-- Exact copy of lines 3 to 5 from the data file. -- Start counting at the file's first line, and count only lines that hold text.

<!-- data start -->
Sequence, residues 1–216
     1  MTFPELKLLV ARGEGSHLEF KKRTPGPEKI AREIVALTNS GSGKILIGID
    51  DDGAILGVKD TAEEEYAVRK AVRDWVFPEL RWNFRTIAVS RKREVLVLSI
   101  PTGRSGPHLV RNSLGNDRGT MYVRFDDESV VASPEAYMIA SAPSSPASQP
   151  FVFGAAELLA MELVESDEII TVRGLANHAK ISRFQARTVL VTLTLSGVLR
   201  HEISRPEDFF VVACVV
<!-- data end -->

    51  DDGAILGVKD TAEEEYAVRK AVRDWVFPEL RWNFRTIAVS RKREVLVLSI
   101  PTGRSGPHLV RNSLGNDRGT MYVRFDDESV VASPEAYMIA SAPSSPASQP
   151  FVFGAAELLA MELVESDEII TVRGLANHAK ISRFQARTVL VTLTLSGVLR